Creative Conflict Resolution and the Law of Three

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For the more esoteric minded among you, here is a link to an essay I wrote for students in The Rohr Institute Living School.

Creating Justice

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Not everyone wants to see conflict resolved. As someone who works in the field of conflict resolution I tend to think of the best outcome as one in which everyone gets what they least as much as possible. But from time to time (and this afternoon was one of those times) I find myself talking to someone who is asking "What should I do?" but what they are looking for is, "How can I make the other lose as much as possible without getting myself into trouble?"

Certainly there are a good many people who think of justice as a quality that arises when bad people get hurt for hurting good people (i.e. people like us). This is the "logic" behind much of what passes for a criminal justice system. To be clear, I support the presence of a system that determines when people have violated rules for public safety and gives them certain negative consequences as a way of getting their attention and inviting them to change their behavior. In the absence of such a system people tend to behave badly.

But there is a higher form of justice that is about being sure that everyone gets their needs met as much as possible. While we are not making rapid progress in establishing this as the standard across society broadly (though proponents of restorative justice are doing powerfully creative work) we can certainly make this the standard in our own lives. Indeed, in the absence of working to be sure that others get what they need; we will not be able to create what we need.

When we attend to what we need, discern the qualities that are missing for us, act in ways that create these qualities while letting go of the impulse to change others, we succeed in creating what we need and in the process, create what others need as well. But when we are dedicated to ensuring that the other doesn't get what she or he needs we are constrained to act in ways that fail to meet our own needs. We cannot create justice for ourselves by denying it to others.

IFS - Homecoming

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csl-logo.gifThe Center is proud to be the sponsor of a Homecoming for IFS Level One trained therapists which will happen in April 2013.  This event will be at Pilgrim UCC and Mark Robinson and Mary DuParri will co-lead.

Mark is trained in and helps to train others in Internal Family Systems therapy as promoted by the Center for Self Leadership.

For more about the event, follow this link.

New Video for CCCR

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We are advertising on St Louis Today, the web version of the St. Louis Post-Dispatch.  Here is the video they produced for us.

Clergy Training Group

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This past winter I led a Training Group for Clergy using the tools of Creative Conflict Resolution.  The experience was fantastic!  Not only did the six UCC pastors in the group get the concepts, they were able to use them to good effect in a broad range of settings.  As a result I am going to be offering the training on a regular basis.  The next one will be starting in August and I already have five clergy signed up.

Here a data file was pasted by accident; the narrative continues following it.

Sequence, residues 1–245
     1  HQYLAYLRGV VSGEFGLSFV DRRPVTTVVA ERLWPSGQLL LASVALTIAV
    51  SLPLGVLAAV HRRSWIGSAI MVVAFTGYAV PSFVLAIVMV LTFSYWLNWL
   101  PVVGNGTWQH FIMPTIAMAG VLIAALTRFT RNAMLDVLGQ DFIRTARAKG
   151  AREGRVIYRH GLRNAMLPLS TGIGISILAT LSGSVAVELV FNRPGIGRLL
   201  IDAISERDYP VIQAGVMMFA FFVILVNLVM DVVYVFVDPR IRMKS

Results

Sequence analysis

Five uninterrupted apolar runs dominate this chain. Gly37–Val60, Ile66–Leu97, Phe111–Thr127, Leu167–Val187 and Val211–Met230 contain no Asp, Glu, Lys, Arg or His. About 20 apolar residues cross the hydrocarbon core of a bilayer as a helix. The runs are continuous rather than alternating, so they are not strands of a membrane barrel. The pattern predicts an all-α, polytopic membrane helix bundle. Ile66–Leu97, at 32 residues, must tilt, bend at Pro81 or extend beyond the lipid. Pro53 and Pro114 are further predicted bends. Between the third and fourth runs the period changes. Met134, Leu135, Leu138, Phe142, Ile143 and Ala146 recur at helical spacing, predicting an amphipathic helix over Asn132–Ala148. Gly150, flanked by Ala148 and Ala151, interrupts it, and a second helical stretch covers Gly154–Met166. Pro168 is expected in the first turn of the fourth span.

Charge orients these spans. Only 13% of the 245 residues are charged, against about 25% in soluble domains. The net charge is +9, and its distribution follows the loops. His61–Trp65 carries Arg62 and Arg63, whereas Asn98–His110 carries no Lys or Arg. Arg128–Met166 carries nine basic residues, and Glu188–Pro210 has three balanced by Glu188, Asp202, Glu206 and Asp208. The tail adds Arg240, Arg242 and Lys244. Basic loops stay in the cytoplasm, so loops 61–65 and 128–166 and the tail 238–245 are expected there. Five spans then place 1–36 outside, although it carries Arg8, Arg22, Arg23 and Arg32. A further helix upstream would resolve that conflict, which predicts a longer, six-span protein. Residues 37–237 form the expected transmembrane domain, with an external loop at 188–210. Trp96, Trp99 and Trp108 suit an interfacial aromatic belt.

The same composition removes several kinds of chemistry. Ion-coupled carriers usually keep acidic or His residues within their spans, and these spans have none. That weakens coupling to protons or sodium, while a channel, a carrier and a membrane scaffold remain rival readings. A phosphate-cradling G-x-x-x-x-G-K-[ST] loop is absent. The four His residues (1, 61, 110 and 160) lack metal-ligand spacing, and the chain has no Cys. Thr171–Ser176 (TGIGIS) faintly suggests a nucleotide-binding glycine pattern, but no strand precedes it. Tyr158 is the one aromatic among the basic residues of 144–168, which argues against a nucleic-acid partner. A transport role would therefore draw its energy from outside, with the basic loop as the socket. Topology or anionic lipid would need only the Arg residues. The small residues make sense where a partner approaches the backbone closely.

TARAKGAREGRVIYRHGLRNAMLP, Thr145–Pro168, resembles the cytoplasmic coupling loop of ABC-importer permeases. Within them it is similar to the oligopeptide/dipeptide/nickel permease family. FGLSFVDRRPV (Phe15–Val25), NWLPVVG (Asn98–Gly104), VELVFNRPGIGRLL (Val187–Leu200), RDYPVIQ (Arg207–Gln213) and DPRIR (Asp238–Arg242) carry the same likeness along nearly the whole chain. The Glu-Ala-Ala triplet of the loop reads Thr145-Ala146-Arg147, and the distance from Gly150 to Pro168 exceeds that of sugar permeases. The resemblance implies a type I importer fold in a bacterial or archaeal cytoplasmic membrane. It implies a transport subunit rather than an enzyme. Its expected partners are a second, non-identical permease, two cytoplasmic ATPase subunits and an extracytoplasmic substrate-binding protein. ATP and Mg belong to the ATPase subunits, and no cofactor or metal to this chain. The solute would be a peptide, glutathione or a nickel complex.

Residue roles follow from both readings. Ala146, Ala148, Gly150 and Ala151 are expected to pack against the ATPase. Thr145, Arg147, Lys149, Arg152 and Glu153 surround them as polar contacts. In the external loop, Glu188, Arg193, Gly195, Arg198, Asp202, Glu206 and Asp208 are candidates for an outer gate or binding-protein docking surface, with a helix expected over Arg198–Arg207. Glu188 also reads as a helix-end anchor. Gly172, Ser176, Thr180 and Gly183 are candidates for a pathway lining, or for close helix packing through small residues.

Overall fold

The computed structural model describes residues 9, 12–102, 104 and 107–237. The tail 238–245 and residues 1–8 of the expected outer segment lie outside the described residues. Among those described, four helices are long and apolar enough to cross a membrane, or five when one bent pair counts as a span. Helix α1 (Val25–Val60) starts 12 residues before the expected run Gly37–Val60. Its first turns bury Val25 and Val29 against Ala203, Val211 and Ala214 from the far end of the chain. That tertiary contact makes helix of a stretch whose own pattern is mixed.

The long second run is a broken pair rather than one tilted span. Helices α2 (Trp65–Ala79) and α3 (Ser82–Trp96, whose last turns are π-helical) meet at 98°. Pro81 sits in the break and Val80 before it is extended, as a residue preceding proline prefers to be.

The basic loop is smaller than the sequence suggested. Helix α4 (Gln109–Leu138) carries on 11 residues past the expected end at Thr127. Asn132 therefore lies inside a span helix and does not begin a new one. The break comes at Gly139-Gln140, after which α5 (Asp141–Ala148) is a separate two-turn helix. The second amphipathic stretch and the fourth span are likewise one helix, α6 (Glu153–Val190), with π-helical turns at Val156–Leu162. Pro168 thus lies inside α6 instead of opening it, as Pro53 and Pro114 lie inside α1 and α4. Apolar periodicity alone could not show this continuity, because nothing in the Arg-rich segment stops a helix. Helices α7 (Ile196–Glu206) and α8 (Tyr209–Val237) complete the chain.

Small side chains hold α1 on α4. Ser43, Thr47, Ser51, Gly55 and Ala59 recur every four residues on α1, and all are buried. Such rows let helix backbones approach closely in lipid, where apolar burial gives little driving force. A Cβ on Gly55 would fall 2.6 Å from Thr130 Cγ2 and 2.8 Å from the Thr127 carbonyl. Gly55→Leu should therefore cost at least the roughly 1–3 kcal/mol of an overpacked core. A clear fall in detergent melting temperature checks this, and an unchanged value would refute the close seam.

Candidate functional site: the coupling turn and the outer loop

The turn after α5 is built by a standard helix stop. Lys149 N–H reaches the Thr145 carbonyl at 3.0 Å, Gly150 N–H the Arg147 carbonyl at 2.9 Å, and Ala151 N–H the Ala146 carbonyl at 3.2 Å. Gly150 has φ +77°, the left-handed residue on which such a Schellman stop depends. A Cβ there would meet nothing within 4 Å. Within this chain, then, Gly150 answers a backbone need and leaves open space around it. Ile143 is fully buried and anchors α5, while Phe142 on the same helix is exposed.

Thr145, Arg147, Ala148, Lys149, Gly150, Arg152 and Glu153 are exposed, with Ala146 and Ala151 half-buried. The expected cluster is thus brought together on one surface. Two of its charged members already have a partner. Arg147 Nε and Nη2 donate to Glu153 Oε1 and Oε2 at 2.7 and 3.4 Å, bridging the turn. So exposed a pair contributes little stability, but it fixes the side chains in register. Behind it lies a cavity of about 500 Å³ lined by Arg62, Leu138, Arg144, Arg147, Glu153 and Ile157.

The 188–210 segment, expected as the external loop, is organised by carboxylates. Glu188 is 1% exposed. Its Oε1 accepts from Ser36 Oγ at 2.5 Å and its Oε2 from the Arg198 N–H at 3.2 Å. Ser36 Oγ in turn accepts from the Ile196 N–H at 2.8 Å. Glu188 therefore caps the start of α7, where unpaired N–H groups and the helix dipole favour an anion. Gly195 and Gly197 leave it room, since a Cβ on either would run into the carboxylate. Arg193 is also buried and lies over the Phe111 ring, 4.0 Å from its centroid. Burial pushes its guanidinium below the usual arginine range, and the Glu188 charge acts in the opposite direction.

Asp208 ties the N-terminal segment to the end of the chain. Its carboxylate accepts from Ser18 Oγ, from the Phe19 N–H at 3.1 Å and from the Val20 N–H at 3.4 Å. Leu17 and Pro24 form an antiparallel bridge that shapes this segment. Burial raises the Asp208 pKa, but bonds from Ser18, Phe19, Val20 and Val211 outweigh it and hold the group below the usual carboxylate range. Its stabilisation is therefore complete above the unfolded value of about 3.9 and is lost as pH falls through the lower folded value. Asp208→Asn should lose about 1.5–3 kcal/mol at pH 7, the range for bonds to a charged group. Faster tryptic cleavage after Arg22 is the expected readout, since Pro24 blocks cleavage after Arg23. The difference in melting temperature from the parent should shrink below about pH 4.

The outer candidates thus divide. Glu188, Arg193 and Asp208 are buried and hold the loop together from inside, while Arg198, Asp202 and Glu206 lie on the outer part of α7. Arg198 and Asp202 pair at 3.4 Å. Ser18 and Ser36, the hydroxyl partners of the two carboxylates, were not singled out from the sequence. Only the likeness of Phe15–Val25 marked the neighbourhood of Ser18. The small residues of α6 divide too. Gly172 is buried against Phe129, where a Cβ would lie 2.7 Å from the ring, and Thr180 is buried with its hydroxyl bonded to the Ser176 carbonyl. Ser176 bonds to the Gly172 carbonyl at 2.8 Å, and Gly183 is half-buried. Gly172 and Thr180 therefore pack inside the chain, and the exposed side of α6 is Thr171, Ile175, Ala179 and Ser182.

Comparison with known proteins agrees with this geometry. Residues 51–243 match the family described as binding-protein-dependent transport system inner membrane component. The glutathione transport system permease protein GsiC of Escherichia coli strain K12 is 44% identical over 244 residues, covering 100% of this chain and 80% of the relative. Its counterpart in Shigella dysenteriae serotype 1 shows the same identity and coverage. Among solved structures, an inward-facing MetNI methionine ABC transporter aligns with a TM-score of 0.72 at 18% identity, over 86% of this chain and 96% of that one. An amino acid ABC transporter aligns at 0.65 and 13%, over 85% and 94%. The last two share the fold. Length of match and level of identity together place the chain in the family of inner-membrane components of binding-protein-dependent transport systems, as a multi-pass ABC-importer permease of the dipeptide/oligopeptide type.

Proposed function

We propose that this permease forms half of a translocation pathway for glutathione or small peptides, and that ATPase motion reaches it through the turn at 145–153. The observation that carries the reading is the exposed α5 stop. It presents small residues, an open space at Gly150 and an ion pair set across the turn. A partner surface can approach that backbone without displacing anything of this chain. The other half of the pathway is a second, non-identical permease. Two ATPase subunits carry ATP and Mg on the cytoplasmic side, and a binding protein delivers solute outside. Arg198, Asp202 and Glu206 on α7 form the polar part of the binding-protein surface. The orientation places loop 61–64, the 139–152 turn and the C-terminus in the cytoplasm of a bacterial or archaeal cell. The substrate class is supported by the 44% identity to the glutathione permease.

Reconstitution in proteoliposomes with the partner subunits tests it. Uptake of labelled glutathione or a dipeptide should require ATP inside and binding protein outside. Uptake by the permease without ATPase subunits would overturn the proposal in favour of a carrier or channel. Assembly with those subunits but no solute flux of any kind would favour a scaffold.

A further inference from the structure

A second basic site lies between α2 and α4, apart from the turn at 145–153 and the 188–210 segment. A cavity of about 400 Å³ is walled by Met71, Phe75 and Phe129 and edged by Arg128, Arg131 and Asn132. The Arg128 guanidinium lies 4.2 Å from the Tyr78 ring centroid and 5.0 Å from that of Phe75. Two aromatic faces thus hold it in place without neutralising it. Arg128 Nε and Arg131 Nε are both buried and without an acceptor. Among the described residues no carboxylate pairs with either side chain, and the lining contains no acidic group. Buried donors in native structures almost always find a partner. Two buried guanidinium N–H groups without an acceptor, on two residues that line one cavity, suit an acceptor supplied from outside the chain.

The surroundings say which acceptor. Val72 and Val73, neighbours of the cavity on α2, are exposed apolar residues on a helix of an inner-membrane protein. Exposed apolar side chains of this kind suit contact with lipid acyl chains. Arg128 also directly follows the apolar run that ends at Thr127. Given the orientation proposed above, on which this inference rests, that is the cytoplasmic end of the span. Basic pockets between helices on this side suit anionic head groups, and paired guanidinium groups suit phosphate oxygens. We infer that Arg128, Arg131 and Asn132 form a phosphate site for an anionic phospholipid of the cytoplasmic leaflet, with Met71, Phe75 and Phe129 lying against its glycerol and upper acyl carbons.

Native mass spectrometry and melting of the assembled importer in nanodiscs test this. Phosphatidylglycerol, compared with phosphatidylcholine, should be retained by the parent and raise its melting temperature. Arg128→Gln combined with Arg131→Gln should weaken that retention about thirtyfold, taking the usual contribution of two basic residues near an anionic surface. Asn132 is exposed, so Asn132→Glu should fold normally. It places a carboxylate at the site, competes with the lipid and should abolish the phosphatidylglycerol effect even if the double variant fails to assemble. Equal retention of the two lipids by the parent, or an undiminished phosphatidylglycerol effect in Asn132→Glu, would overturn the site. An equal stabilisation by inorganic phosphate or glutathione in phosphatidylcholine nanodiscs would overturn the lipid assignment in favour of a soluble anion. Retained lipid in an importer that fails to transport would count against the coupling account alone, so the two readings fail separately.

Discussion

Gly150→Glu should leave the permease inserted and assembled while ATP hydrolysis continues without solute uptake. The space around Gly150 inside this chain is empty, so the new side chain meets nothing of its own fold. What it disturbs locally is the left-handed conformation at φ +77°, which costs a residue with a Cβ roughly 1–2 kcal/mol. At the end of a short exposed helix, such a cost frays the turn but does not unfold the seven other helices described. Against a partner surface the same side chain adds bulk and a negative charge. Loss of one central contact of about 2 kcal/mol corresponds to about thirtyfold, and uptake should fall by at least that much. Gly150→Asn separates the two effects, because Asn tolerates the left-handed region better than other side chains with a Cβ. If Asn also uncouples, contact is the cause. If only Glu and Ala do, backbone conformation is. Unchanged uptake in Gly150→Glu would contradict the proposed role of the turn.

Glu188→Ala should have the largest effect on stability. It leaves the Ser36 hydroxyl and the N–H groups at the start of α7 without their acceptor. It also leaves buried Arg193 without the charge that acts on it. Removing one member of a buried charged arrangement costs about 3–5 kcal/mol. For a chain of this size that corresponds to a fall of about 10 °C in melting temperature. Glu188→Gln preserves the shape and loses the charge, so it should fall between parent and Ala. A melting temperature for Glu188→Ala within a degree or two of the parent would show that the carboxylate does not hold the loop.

It is not actually necessary to be ordained to be in the group, but it is important that all of the members be people with experience as leaders of faith communities.  More information is available here.  Or just give me a call.

Development of CCR

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CCR is short for "Creative Conflict Resolution."  CCR refers to a set of distinctions and practices which allow individuals and groups to respond very differently to the conflicts which inevitably arise in significant relationships.  This essay describes the development of the concepts and the use of the term as a container to hold them.


In 1993 I was invited to return to RAVEN to teach the introductory class.  RAVEN is a program in St. Louis which does intervention with men who batter.  I had been very active with RAVEN through the 80's serving for much of that time as the Clinical Director.  But I had been away from the organization for a few years and decided to review the current class content before I agreed to teach it.  What I discovered was that there were a couple of rather important distinctions that were are part of RAVEN's current usage that I would alter.


This discovery started me on a project of developing what I thought would be the best introductory class. It was twelve weeks long and included a set of short lectures that I had developed with my clients and in my therapy groups over the prior dozen years of psychotherapy practice with men who had abused people in the context of an intimate or pseudo-intimate relationship.  I arranged these lessons into a logical sequence and presented the course to the person serving as the Clinical Director at that time.


She was impressed with the course and liked the flow and content but it was her judgment that the material was too sophisticated for the staff to be able to teach it.  It required someone with clinical training and most of the staff at that time were volunteers.  I determined to offer the course through the association I had at that time with a partnership called STAR, Sexual Trauma and Recovery.  It was billed as the Abuse Prevention Program.


The course prepared the men to address the issues in their lives which led them to act abusively toward those they said that loved the most.  It consisted of a set of distinctions and practices or disciplines which they were invited to apply to their own lives with the promise that doing so would lead to more satisfying and stable relationships.